Wellington Scoop

Tranz Metro admits it’s short of trains; plans changes to deal with overcrowding

Media release from the Greater Wellington Regional Council
Greater Wellington Regional Council and KiwiRail are announcing temporary changes to Wellington train operations to address issues with crowded peak time trains and resulting problems with fare collection. The changes, which come into effect next week, are expected to last eight weeks.

This will include checking tickets on station platforms, removing Wairarapa train surcharges for Upper Hutt Station passengers and using bus replacements during the morning peak on the Melling Line to free up extra carriages for the busiest trains.

Wayne Hastie, General Manager of Greater Wellington’s Public Transport Group, says the measures will be in place only until there are enough new trains in service to ease the crowding. “The excessive crowding makes the journey uncomfortable for everyone. It’s also preventing train staff from collecting fares. This means that Greater Wellington is losing a considerable amount of revenue, which we just cannot sustain.

“This unsatisfactory situation will improve when several Matangi trains are running at peak hour. The first four-car Matangi took passengers at peak time today so progress is being made.”

Wayne Hastie says he expects some passengers on the Melling Line will be unhappy about the morning bus replacements but this short-term inconvenience is for the greater commuter good. “The trains that buses replace on the Melling Line will ease overcrowding on the busier lines,” he says.

Deborah Hume, KiwiRail’s General Manager Rail Passenger, says “We have been working closely with Greater Wellington Regional Council in developing initiatives to ease the crowding on some peak time trains, and support our on board staff with fare collection that is fair to everyone.”

From Monday, passengers at Upper Hutt boarding a Wellington bound Wairarapa morning peak service will not be asked to pay the usual $1 supplement. “This will ease crowding on Hutt Valley commuter services as passengers have more trains to choose from for the standard fare or monthly pass,” comments Deborah Hume.

At stations from Paremata south on the Kapiti Line from Tuesday, checking of tickets and single ticket sales for Wellington-bound trains will now take place on the station platform from 6am-9am. Similar measures are likely to be introduced on the Upper Hutt Line, from Waterloo south, in the near future.

“This will ease the difficulties our staff are facing moving through crowded trains to clip tickets. On the busiest trains we can’t get to everyone,” says Deborah Hume. “Passenger feedback indicates that customers would prefer everyone to pay their fair share.”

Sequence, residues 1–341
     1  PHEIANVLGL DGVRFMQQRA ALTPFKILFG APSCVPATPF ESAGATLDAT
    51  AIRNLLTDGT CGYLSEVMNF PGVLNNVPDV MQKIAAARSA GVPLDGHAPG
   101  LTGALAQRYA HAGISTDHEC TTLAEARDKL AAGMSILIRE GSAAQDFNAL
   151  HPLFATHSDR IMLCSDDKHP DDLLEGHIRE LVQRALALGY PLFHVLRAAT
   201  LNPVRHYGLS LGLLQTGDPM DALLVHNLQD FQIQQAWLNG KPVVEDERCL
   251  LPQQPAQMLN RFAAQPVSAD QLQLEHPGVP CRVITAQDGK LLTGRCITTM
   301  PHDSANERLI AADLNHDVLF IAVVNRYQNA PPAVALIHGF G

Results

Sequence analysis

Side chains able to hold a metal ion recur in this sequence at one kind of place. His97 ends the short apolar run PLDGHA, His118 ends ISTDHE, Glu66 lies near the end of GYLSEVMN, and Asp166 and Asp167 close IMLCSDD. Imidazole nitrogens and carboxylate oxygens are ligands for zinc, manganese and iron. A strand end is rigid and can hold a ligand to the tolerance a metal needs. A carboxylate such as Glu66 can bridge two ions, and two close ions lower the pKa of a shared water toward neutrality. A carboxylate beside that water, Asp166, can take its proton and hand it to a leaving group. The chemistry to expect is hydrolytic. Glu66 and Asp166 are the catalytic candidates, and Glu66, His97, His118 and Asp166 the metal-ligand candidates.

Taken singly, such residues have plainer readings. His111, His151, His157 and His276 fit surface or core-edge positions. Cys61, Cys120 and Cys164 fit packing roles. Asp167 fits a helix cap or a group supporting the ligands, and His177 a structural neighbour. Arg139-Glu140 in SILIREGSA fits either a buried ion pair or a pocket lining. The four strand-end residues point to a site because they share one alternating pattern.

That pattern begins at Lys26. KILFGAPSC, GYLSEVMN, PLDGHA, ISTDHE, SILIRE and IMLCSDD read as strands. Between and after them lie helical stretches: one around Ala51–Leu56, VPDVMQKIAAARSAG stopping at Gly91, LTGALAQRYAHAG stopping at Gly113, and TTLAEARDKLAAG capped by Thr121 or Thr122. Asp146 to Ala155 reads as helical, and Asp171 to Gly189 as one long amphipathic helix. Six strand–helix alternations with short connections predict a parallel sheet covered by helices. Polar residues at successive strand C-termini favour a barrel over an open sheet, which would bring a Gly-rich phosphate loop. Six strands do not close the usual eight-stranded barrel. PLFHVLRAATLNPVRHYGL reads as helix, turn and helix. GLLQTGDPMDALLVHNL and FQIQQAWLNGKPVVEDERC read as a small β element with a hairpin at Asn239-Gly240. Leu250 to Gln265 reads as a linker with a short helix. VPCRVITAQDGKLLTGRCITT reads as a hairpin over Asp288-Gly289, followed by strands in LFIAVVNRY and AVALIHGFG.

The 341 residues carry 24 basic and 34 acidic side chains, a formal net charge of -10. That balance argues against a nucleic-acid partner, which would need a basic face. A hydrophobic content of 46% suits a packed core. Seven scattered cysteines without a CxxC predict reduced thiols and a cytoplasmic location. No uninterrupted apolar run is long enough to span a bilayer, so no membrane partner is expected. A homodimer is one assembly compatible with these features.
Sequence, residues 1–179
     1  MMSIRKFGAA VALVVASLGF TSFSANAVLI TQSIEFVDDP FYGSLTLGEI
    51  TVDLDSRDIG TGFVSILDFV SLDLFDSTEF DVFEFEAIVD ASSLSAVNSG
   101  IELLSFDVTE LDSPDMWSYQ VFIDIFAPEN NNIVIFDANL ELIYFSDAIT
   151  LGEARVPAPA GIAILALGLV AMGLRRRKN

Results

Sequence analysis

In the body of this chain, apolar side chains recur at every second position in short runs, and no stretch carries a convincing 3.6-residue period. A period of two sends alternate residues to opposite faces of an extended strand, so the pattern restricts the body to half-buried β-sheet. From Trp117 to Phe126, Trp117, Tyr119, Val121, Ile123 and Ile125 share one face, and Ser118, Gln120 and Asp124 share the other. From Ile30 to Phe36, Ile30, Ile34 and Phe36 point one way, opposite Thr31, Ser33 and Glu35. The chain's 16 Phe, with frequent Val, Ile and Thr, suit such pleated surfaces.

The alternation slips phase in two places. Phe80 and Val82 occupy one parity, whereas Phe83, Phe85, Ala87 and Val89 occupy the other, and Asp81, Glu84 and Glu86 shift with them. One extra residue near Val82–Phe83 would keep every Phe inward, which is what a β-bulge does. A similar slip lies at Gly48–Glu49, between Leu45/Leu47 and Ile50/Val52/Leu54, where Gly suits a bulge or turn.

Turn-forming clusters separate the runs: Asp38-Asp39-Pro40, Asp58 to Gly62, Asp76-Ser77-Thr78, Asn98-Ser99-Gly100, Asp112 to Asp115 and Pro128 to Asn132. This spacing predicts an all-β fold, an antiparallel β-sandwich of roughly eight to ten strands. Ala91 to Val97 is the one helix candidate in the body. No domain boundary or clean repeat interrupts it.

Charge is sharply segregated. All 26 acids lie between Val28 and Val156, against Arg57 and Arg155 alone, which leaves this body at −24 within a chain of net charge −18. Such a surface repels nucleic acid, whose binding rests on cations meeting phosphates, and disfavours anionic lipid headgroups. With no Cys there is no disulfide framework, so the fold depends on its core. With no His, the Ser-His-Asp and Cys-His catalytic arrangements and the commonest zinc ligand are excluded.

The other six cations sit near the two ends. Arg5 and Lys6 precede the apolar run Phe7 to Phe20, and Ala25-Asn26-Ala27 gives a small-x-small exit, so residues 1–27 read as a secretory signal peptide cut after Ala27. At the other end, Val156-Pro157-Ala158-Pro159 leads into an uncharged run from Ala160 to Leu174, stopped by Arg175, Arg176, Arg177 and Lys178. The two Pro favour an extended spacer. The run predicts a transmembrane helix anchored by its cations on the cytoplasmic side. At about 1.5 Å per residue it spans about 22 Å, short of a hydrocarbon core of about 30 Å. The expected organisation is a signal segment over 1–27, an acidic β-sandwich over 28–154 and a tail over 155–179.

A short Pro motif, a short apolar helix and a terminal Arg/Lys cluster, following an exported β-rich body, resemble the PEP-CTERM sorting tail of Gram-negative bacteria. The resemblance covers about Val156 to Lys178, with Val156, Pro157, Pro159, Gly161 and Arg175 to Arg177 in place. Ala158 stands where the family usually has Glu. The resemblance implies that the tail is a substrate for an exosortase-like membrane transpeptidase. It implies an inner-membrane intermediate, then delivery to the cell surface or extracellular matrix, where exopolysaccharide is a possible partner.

Deborah Hume also points out that checking and selling tickets on platforms may add a little extra time before the train can be boarded. “We are asking everyone catching a morning peak train at any station from Paremata into Wellington to get to the station a bit earlier and to have their ticket ready for checking.”

To make extra carriages available for the most crowded services on the Upper Hutt and Kapiti Lines, Tranz Metro is arranging bus replacements on the Melling Line between 6am and 9am. “It is our shortest line, with less stations and passengers than others, so buses can cope although I know our passengers would prefer a train,” says Deborah Hume. In recognition of the inconvenience and extra travel time, Melling line monthly passes for May will be offered at $100 instead of the regular $110.40.

“I realise this is a big change for some of our customers,” Deborah Hume says. “Once we have enough trains in Tranz Metro service we will change back to normal.”

More about Wellington’s public transport:
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  1. Gary, 4. April 2011, 19:58

    “This is a big change for some of our customers”???! Get real! Some people will simply take advantage of your ineptitude. Collecting fares is hardly rocket science for a public transport company. But then, neither is investing in your own infrastructure and rolling stock to provide a reliable and pleasant service that passengers will pay for.

    Come along KiwiRail, get your act together. Efficient public transport is important for the capital’s economy as well as the wellbeing of commuters. Are we being unreasonable in expecting a good quality, competently managed service?

  2. Manny, 6. April 2011, 12:49

    Having been on one of these overcrowded trains lately, I ask just one question. Why are the conductors/ticket checkers unable to check when in the past the express to Wellington has had to do all stations from Porirua for whatever reason, they had no problem pushing their way past ALL the passengers and checking tickets? All done before the train docked at Wellington too.